July 2005 - Volume 105 - Issue 7
pp: 11-112,72A-72D,72AA-72DD
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Editorial

Viewpoint

Letters

News

DRUG Watch

AJN Reports

PAIN Control

From the ANA: The Politics of Caring

LETTER FROM Iraq

SEXUALLY Speaking

From the ANA: Issues Update

More Letters

POINT Counterpoint

EMERGING Infections

BEATS & Breaths

SOS Reports

From The Ana

Profiles

From The Ana: Health & Safety


The Cost of Prematurity: Hospital Charges at Birth and Frequency of Rehospitalizations and Acute Care Visits over the First Year of Life: A COMPARISON BY GESTATIONAL AGE AND BIRTH...

Cuevas, Katherine D.; Silver, Debra R.; Brooten, Dorothy; More

AJN, American Journal of Nursing . 105(7):56-64, July 2005.

Reflections

A New Look at the Old

BEHAVIORS ASSOCIATED WITH DEMENTIA: Whether resisting care or exhibiting apathy, an older adult with dementia is attempting communication. Nurses and other caregivers must learn to...

Smith, Marianne; Buckwalter, Kathleen

AJN, American Journal of Nursing . 105(7):40-52, July 2005.

  • Videos
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Short Takes on Long-Term Care

Art of Nursing

Correspondence from Abroad


FYI

Mennick, Fran; Chu, Julie J.; Walters-Fischer, Patricia

AJN, American Journal of Nursing . 105(7):72A-72D, July 2005.


FYI

Trent, Andrea; Walters-Fischer, Patricia; Chu, Julie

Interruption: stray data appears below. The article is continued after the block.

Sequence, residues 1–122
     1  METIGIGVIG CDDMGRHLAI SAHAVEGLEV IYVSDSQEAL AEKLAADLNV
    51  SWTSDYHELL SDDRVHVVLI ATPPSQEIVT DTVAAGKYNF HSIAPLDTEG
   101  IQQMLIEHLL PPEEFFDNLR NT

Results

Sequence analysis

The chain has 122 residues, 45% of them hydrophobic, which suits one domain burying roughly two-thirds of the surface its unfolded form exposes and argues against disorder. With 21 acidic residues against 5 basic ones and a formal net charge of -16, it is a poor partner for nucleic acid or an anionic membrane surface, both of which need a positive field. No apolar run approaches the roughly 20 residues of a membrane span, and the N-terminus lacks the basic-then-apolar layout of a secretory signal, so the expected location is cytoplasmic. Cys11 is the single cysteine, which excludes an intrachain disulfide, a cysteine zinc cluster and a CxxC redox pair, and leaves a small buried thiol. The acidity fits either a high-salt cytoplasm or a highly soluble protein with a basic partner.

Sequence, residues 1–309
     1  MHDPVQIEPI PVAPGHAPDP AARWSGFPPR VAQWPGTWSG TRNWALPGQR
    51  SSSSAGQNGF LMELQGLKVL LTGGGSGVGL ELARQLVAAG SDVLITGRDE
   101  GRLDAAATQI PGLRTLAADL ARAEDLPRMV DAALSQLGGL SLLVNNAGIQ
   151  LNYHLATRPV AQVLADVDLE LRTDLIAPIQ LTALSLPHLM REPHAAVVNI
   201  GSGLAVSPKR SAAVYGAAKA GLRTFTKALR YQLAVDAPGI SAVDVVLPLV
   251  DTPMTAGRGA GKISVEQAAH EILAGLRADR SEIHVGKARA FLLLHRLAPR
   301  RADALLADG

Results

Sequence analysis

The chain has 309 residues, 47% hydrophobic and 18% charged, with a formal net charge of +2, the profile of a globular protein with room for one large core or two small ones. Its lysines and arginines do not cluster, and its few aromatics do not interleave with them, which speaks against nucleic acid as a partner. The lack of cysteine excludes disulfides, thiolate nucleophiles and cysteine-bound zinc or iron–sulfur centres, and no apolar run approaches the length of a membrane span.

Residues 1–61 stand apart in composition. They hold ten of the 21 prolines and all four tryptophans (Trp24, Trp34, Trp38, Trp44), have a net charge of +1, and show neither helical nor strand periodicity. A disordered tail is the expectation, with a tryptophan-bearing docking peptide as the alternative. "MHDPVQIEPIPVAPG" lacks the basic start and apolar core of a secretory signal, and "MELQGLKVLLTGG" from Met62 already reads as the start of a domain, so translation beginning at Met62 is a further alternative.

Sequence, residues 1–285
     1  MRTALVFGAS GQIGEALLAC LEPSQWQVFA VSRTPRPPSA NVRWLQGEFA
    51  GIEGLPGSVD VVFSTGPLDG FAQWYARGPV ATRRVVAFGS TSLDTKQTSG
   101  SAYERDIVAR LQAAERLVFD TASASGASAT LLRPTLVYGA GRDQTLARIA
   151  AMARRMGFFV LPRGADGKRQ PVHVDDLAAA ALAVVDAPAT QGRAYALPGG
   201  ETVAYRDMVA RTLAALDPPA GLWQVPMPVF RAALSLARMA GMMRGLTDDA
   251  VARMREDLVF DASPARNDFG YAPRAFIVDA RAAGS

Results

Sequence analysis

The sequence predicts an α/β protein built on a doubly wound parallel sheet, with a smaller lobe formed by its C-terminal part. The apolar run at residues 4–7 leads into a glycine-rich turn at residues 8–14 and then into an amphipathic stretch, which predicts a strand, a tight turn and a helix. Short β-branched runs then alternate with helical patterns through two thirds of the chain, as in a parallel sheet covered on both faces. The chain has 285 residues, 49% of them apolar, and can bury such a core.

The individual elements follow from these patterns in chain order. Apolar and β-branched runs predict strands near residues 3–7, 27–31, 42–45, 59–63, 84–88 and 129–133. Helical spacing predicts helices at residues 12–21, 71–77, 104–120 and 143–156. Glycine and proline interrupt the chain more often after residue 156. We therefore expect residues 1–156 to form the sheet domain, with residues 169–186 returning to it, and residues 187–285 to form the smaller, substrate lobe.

AJN, American Journal of Nursing . 105(7):72AA-72DD, July 2005.


Creator: AJN
Duration: 30:02
Journal: AJN The American Journal of Nursing July 2005, Volume 105, Issue 7;
The Atlantic Philanthropies has awarded two grants to increase the knowledge and skills of those providing care to older adults. Information about the care of those over 65, derived from cutting-edge research and best practices, is now available to nurses and other providers in either print format or streaming video, at any time and at no cost, through this series called A New Look at the Old. The print series began in the August 2004 issue, and continued until December 2006.
Creator: AJN
Duration: 30:01
Journal: AJN The American Journal of Nursing July 2005, Volume 105, Issue 7;

"Getting to Know You" takes on a whole new significance when working with cognitively impaired older adults with challenging behaviors. Focusing on the person, and attempting to assess the environment through their perspective, will help providers to better understand the impetus for behaviors and to avoid future recurrences – a factor which can make the difference between living with family or in assisted-living, and living in a long-term care environment.

This Webcast provides viewers with a broad range of tools and strategies to improve assessment and understanding of cognitively impaired older adults, and also outlines a range of interventions to change provider behaviors and modify the environment in order to provide a safe and comforting environment for those who are cognitively impaired.